EMPLOYEE NOT ENTITLED TO FURTHER WORKER’S COMPENSATION BENEFITS BECAUSE HER DISABILITY-CAUSING SURGERY WAS NOT RELATED TO A COMPENSABLE WORK INJURY

By:      Daniel M. Pedriana and Claudia R. Harke

On August 28, 2018, District I of the Wisconsin Court of Appeals held that the Plaintiff was not entitled to further worker’s compensation benefits because her disability-causing surgery was not related to a compensable work injury.

In Theresa Payton-Myrick v. LIRC, Theresa Payton-Myrick was diagnosed with arthritic changes and degenerative disc disease in her spine. Payton-Myrick was employed as an administrative assistant at the University of Wisconsin-Milwaukee. On July 21, 2009, she fell out of her desk chair and sustained several muscle strains. She subsequently received opinions from several doctors, one of whom recommended a spinal fusion surgery.

Despite conflicting medical opinions, Payton-Myrick underwent surgery, which resulted in multiple procedures and left her “arguably disabled.” Payton-Myrick applied for worker’s compensation benefits. The UW System denied her benefits, which caused Payton-Myrick to file a worker’s compensation claim.

An administrative law judge concluded that Payton-Myrick had “suffered a work-related injury that aggravated Payton-Myrick’s back condition beyond its normal progression” and that “the treatment, including surgery, was necessary and reasonable.”

The Labor and Industry Review Commission (“LIRC”) reversed the ALJ and found that Payton-Myrick’s muscle strains were from a compensable work injury, however, the work injury had healed and did not aggravate her pre-existing condition enough to necessitate surgery. LIRC also made several factual findings including that Payton-Myrick’s disability causing surgeries treated her pre-existing condition, not her compensable work injury.

The Court of Appeals upheld LIRC’s denial of further benefits based on a holding from the Wisconsin Supreme Court in Flug v. LIRC. In Flug, the Supreme Court ruled that Wis. Stat. § 102.42(1m), which states that if an employee who has sustained a compensable injury undertakes treatment in good faith that is medically acceptable, but unnecessary, the employer shall pay for all disability incurred as a result, only applies if the unnecessary, but acceptable surgery is to address the workplace injury.

Since LIRC made a factual finding that Payton-Myrick’s two spinal surgeries were focused on her pre-existing disc problems, not the workplace injury, the Court of Appeals upheld LIRC’s denial of further benefits.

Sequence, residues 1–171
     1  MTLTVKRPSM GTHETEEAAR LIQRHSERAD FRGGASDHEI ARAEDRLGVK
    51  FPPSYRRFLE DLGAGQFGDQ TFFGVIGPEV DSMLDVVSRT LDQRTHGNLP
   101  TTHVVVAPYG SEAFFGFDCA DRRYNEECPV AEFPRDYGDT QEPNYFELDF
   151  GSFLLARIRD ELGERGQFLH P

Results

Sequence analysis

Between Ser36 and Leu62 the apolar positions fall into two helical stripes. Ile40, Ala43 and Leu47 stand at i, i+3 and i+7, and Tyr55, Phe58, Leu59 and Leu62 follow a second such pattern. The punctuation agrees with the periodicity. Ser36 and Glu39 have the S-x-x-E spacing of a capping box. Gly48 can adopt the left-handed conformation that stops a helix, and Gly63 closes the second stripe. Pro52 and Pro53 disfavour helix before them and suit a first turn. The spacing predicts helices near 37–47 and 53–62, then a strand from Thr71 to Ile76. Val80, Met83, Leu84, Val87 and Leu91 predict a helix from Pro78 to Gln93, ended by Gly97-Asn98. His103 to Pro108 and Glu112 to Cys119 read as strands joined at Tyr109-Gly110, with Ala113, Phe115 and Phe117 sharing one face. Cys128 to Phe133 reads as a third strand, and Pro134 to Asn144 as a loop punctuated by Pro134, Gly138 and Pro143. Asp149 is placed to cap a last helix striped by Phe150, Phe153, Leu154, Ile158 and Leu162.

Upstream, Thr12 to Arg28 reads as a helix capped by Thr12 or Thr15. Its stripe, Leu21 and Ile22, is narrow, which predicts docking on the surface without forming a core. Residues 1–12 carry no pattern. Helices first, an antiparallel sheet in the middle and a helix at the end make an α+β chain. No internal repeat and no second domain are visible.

This Decision does not drastically change the law surrounding whether an employee is entitled to further worker’s compensation benefits, however, it reinforces that Wis. Stat. § 102.42(1m) only applies if the unnecessary-but-acceptable surgery was done to address the workplace injury. However, it will be important to have treating and independent doctors specifically note the reason for an employee undergoing an unnecessary-but-acceptable surgery, as that will determine whether they are owed additional benefits.

The time to appeal this decision has passed and the decision remains unpublished.

If you have questions about this decision, please contact Daniel M. Pedriana by email at dpedriana@lindner-marsack.com or Claudia R. Harke by email at charke@lindner-marsack.com or any other attorney with whom you have been working with at Lindner & Marsack, S.C.

THE DEPARTMENT OF LABOR ISSUES TWO NEW ADVISORY OPINION LETTERS ON THE FMLA

By: Oyvind Wistrom

On August 28, 2018, for the first time in almost ten years,  the U.S. Department of Labor’s Wage and Hour Division (DOL) issued two new advisory opinion letters providing employers with guidance on the application of the Family Medical Leave Act (FMLA) to organ donors and a no-fault attendance policy.  While the advisory opinion letters are not binding authority or legal precedent, they signal DOL’s interpretation of the law and provide helpful guidance for employers in handing some interesting nuances of the law.

FMLA Protects Organ Donors

In one of the advisory letters, the DOL concluded that organ-donation surgery can qualify as a “serious health condition” under the FMLA, thus entitling an employee with up to 12 weeks of protected leave.  This is the case even if the employee was in good health before the donation and voluntarily elected to undergo the surgery.  The DOL reasoned that organ-donation surgery may require both “inpatient care” or “continuing treatment” and, therefore, meets the regulatory definitions of a serious health condition.  A serious health condition is defined as an illness or physical condition that requires inpatient care at a hospital.  Since the typical hospital stay after organ donation surgery is four to seven days, organ donation qualifies as a serious health condition.

No-Fault Attendance Policy under the FMLA